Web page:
After a summer of academic preparation, four students featured in a yearlong NNS series make the transition to college.
Milwaukee Neighborhood News Service checked in recently with four students it has been following since last spring. Near the end of their first semester in college, they reflected on their freshman experience so far.
For Pa Nou Xiong, a freshman at Marquette University, the biggest challenge of her first semester of college has been managing her time and disciplining herself to study.
Xiong commutes to Marquette from home so that she can save money for summer school tuition. Living with an extended family that includes younger cousins, Xiong says she is needed at home to help with childcare. She worries she is not studying as much as she should be because of family activities. Commuting by bus also takes time away from schoolwork.
Xiong said she was disappointed with her midterm grades, which she said were “passing but not As.” Rather than seeking help from her College Possible coach, Xiong would rather address this herself. “I’m treating this first semester as a trial- and-error period and a time to learn about myself,” she said.
Xiong is considering moving to campus housing next semester if she is awarded a grant she is seeking.
The best part of starting college has been “deciding what to take on my own and just making my [own] decisions,” Xiong said. Though she may make mistakes, she is confident she will learn from them, she added.
Xiong, Darneisha Virginia , Nury Plascencia and Peter Khanthavong were among 150 high school seniors from seven Milwaukee Public Schools who participated in College Possible’s two-year college preparatory program while they were in high school. The program provides students from low-income families with coaching and support to get into college and earn a degree. College Possible coaches check in with students regularly during their freshman year to help with problems and connect them to campus resources.
Khanthavong, who lives in a UWM dorm, also said time management and procrastination are the most difficult issues he’s struggled with this term.
“The best thing about college is having lots and lots of time; that’s also the worst thing,” Khanthavong said.
With grades ranging “from low Bs to high Cs,” Khanthavong said his courses are about as difficult as he expected them to be.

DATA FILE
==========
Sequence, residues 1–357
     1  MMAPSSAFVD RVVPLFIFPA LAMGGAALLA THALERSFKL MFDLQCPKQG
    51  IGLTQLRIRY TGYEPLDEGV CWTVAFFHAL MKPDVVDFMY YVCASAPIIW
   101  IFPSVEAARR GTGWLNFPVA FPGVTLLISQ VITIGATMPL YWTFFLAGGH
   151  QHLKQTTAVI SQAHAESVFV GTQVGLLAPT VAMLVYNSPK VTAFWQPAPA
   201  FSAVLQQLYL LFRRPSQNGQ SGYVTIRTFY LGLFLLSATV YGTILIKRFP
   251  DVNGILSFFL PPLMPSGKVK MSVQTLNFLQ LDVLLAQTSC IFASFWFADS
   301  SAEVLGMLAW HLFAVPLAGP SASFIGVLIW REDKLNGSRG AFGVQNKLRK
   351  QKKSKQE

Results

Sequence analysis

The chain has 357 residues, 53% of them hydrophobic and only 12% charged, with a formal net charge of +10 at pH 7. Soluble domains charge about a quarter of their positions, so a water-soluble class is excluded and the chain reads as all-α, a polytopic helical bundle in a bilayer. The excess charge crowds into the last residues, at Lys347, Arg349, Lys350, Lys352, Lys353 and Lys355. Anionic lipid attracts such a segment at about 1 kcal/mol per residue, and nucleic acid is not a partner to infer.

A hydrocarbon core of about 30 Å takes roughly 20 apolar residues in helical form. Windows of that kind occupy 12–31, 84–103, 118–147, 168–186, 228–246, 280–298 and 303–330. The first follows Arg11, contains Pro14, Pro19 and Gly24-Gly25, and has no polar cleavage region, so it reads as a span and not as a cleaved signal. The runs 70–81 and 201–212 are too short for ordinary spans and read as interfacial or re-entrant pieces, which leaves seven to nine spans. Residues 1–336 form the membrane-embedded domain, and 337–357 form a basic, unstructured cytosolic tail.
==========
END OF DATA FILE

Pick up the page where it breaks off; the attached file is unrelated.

He has spent alternate weekends at home helping his widowed mother care for a developmentally disabled son. Khanthavong is considering saving the money he spends on housing by moving back to his mother’s house and commuting.
Plascencia and Virginia also have had time challenges at Mount Mary University.
Plascencia said it has been difficult fitting in the 300 service hours required by her Caroline Scholarship with schoolwork and visits home. “I’m seeing my family more than I should be,” she said. Nevertheless, she is earning As and Bs.
Her weekly eight hours working with homeless children at the Community Advocates’ Milwaukee Women’s Center energize her, and has helped her become aware of her interest in fighting for the rights of oppressed people, she said. Despite the time pressure that comes with this work, she plans to add eight hours a week volunteering at Voces de la Frontera next semester.
“The most fun things are living on my own, making my own decisions and being involved in campus activities,” Plascencia said.
Virginia said she too has had a hard time “staying on top of everything.” She spends 16-25 hours working in a nursing home and about 24 hours each week at two on-campus jobs. Though she is busy and tired, she is passing all of her courses, she said.
Academically, the students’ courses have mostly reinforced their thoughts about majors.
Plascencia is the exception. Initially intending to pursue a major in interior design, she found those courses bored her, while her finance and business classes excited her. She dropped two design-related courses and now plans to major in business. She thinks she may want to go to law school someday, she said.
Khanthavong entered UWM with the intention of majoring in computer science but had to take a math requirement before registering for computer courses. He is excited to be taking his first computer-programming course next semester.
Xiong and Virginia both said they are still inclined to continue plans to pursue careers as a physician assistant and social worker, respectively.
Xiong said she has not made as many friends as she would like. She wonders if that is because she is shy. She said she did not expect to have to leave campus early enough in the day to get home before dark. The Educational Opportunity Program through which she entered Marquette offers social opportunities, but events are generally held at night after Xiong has left campus.
Virginia spends her weekends visiting her grandmother, who lives five minutes away, and her older sister, she said. “Socially, I have my group of people I talk to” but her work schedule keeps her busy during the week and every other weekend. She is looking forward to joining a campus choir next semester.
Khanthavong has made friends through UWM’s Student Support Services Program (SSS) for low-income, first-generation and disabled students. He spends most of his non-class time in space SSS offers students for studying and hanging out with friends. Similarly, Plascencia has found most of her friends through the Caroline Scholars program.
All four students are looking forward to the end of final exams and a chance to rest and recharge during semester break.
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